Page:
UKCCSC News 18 May 2007

Hi Folks,

 We have a superb selection of storage stories for your satisfaction. And a few other ‘clean’ energy titbits thrown in for good measure.

1) “Nuclear power and carbon capture and storage, where emissions from fossil fuel power stations are captured and buried underground, could play important roles; but with nuclear, “safety, weapons, proliferation and waste remain as constraints””

IPCC WG3 on mitigation say large role for CCS at up to $50/ton CO2 value.

 The report itself is at:

Or for a more user-friendly summary:

2) “Scotland’s two coal-fired power stations could be converted to clean coal technology under £1.5bn plans unveiled by Scottish Power.”

This is apparently Europe’s Biggest Clean Coal Project.

3) Rio Tinto and BP Join Forces to Develop Clean Energy Worldwide

BP and Rio Tinto today announced the formation of a new jointly-owned company, Hydrogen Energy, which will develop decarbonised energy projects around the world. The venture will initially focus on hydrogen-fuelled power generation, using fossil fuels and carbon capture and storage (CCS) technology to produce new large-scale supplies of clean electricity.

4) The DTI have announced the short list for the Energy Technologies Institute, a UKERC-style centre to concentrate on low-C energy. The cash pot could be 1 billion pounds deep. That’s a lot of cash…

5) RWE npower propose 2.4GW cleaner coal at Blyth, to be capture ready.

6) “At the British Geological Survey and the University of Leicester we are researching a novel way to reduce the amount of carbon dioxide going into the atmosphere – by storing it in a frozen form in a geological reservoir where it will remain safely trapped for many thousands of years in cold sediments under the deep ocean.“

Ameena Camps is a BGS PhD student, who claims that CO2-clathrates (or hydrates) are stable below most of the European Continental Shelf (there is a map in the URL below).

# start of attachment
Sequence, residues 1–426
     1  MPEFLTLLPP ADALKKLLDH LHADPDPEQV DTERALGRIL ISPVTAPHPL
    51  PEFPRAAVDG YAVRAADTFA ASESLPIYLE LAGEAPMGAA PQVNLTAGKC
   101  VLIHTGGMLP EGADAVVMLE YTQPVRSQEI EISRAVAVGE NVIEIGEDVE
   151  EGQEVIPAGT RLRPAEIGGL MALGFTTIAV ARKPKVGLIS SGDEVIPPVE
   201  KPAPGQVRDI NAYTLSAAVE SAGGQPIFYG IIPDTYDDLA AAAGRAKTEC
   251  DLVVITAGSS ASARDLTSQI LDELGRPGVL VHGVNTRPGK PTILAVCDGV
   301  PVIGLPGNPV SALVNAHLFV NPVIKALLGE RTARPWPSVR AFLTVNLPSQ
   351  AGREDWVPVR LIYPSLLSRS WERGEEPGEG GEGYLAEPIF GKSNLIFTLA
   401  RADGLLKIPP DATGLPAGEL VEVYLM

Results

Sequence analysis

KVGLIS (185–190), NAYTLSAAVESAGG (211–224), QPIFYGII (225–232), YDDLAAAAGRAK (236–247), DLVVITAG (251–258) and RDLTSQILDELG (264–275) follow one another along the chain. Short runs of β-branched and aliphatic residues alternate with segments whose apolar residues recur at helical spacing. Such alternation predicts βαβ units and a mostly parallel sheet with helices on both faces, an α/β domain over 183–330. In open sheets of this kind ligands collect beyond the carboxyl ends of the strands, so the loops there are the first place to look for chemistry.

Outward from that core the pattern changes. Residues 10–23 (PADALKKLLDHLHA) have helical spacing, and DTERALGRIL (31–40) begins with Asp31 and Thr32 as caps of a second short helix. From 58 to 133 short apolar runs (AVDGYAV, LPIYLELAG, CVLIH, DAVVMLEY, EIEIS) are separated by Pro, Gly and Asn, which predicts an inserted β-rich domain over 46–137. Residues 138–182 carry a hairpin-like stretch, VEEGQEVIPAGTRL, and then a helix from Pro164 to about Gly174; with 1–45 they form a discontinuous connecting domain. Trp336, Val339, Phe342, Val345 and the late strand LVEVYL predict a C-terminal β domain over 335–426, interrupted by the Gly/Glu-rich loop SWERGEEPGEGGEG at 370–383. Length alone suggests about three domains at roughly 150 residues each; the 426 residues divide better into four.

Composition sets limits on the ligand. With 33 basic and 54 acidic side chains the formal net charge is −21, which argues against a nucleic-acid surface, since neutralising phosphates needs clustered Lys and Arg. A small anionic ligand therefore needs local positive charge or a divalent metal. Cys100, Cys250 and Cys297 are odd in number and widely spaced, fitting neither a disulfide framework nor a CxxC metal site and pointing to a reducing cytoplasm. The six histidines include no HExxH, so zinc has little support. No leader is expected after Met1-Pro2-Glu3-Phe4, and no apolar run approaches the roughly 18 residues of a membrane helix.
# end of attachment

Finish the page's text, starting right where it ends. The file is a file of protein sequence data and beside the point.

Ameena and Mike Lovell (Uni of Leicester) suggest using CO2 and CH4 hydrates as the primary seal for shallow CO2 storage. But won’t the CO2-clathrates also form in leaking drill holes, potentially self-sealing them if more conventional deep storage is used? Answers on a postcard to the usual address…

There is more detail at:

which, oddly, starts as an article about Total’s plan to bury 150,000 tonnes from an oxy-fuel plant in France and drifts into the subject of clathrates.

“A leading French company is piloting a novel technology for the capture and sequestration of carbon dioxide, while in the UK researchers have identified potential reservoirs for its storage all across Europe.”

7) From the Herald Sun in Australia:

“A GREENHOUSE crackdown by the State Government has left plans to develop the giant Kipper gas field in Victoria’s Bass Strait floundering. Planning Minister Justin Madden has told ExxonMobil that it must provide information on the viability of capturing and storing CO2 from the project before the government will approve the development.”

Here’s a fishy quote from the article: “Gas from Kipper [gas field], which is located about 45km off Ninety Mile Beach, could supply one million Victorians for 15 years.”

How many Edwardians or Elizabethans (is that us?) would it supply??,21985,21689410-664,00.html

Consortium and Network